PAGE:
Black Women : Wives Of Marcus Garvey: Amy 1 & 2

Discussion in 'Black Women - Mothers - Sisters - Daughters' started by cherryblossom, Oct 28, 2009.

  1. cherryblossom

    cherryblossom Banned MEMBER

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    Amy Ashwood Garvey (1897 -1969)

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    http://www.pbs.org/wgbh/amex/garvey/peopleevents/p_ashwood.html


     
  2. cherryblossom

    cherryblossom Banned MEMBER

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    Amy Jacques Garvey (1896 - 1973)

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    “The Veiled Garvey: The Life and Times of Amy Jacques Garvey” is the first book-length biography of this important but unsung figure. Born in Jamaica in 1895 to an educated “brown” family, Amy Jacques suffered from bouts of malaria and, in order to live in a malaria-free area, moved in 1917 to Harlem. There she became involved in the UNIA, serving first as a traveling secretary and later as private secretary to its leader, to whom she was married in 1922. The following year, the government brought charges against Marcus Garvey — claiming fraudulent sale of shares in the UNIA’s black steamship line; over the next years he was imprisoned and eventually deported. (A number of factors — including the hostility of J. Edgar Hoover, Marcus Garvey’s lack of business acumen, and the antipathy of other black leaders — are said to have contributed to Garvey’s downfall.)

    Thrust by these troubles, in her husband’s absence, into a prominent position in the UNIA, Amy campaigned for his release, kept his words and philosophy before the public, and developed a female Pan Africanist philosophy on the women’s pages of The Negro World.

    “She blossomed,” says Taylor, “by honing her journalistic skills, writing commentary on the international situation, and refining her discourse on Jim Crow.” But it was after her husband’s death in 1940, she says, that Amy Jacques Garvey took flight as an independent thinker. While the UNIA lauded the promise of black capitalism, for example, Amy took note of its limitations. And she became less concerned with getting people to join the UNIA, says Taylor, than with getting Pan African ideas into existing organizations.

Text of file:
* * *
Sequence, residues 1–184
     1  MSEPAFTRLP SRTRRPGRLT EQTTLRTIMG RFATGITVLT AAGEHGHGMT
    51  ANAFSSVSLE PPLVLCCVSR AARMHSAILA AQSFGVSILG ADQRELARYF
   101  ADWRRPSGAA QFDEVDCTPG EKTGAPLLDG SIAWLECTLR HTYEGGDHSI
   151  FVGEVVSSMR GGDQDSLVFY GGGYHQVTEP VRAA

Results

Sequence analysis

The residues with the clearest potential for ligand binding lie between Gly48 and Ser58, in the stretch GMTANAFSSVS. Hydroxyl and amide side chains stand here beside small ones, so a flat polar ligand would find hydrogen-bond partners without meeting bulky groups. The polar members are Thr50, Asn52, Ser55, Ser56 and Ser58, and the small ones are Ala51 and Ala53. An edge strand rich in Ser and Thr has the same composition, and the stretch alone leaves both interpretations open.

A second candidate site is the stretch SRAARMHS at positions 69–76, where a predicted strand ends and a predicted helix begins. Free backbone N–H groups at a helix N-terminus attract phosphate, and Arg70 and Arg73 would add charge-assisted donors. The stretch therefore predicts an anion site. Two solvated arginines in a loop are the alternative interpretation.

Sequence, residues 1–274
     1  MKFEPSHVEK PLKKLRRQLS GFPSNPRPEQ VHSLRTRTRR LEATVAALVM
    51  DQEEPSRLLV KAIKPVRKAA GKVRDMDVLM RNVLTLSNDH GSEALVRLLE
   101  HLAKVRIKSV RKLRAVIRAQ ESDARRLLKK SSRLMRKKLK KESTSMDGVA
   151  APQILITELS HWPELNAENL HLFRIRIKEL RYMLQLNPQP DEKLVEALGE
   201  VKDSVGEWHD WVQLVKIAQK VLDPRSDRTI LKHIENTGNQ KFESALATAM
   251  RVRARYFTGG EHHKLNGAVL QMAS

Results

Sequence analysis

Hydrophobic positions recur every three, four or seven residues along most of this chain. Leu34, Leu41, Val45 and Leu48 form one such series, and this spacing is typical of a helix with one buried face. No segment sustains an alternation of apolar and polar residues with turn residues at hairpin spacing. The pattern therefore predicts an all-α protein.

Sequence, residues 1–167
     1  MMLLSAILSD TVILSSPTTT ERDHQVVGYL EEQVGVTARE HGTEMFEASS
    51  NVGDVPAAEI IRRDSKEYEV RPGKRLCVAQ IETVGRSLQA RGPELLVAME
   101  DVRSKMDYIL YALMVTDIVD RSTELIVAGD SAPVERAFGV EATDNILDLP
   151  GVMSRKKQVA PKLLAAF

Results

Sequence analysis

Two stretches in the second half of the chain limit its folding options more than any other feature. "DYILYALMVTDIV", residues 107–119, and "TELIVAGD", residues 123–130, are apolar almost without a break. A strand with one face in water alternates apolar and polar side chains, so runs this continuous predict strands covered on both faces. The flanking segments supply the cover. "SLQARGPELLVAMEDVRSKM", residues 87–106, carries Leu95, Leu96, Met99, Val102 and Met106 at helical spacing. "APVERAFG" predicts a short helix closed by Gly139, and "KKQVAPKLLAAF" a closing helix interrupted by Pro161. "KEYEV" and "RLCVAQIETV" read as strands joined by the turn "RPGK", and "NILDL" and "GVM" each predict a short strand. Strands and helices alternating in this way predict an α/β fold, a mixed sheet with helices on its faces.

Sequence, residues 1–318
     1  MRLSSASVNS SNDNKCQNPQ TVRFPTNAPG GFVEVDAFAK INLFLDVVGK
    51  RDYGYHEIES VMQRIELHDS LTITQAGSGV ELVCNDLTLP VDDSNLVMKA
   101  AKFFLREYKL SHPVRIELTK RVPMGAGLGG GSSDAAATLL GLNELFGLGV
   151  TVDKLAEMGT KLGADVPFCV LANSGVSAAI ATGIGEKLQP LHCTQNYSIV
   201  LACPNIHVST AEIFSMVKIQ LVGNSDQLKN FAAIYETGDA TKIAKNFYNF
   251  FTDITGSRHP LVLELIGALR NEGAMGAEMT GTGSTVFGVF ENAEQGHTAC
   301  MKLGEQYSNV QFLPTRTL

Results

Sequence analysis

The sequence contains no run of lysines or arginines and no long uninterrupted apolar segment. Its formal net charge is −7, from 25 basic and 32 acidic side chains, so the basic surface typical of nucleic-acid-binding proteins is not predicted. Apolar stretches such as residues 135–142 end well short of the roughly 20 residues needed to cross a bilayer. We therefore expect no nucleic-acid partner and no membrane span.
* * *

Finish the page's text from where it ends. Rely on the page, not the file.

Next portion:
Treated like a queen
    Amy Jacques Garvey also developed a thriving “network of correspondence” Taylor says, with world-renowned black leaders — among them author W.E.B. DuBois; Kwame Nkrumah, the first president of Ghana; and the first president of Nigeria, Nnamdi Azikiwe — and helped organize international Pan African conferences. Nkrumah, for one, had studied “The Philosophy and Opinions of Marcus Garvey,” regarded as a Pan Africanist bible, which Amy Jacques Garvey had edited and published. “When some of these men became heads of state,” says Taylor, “they invited her over and treated her like a queen.”

    Taylor’s work on Amy Jacques Garvey, along with her research projects before and since, helps to delineate lines of influence connecting phases of black feminist thought and black political activism through time. In the early ’90s, she was historical consultant for the Hollywood film “Panther,” directed by Mario Van Peebles, and co-wrote the accompanying pictorial book on the Black Panther Party and the movie. She is currently researching the history of the Nation of Islam — which, like Rastafarism, the Black Power movement of the 1960s, and other expressions of black nationalism, was influenced by Garveyism. “When the Nation of Islam started in the 1930s,” she says, “many early members, including Malcolm X’s parents, were former Garveyites.”

    The legacy of Garveyism continues to the present day, and Taylor’s new biography pays homage to one who helped shaped its philosophy and spread its message.
    http://berkeley.edu/news/berkeleyan/2003/02/26_garvey.shtml
     
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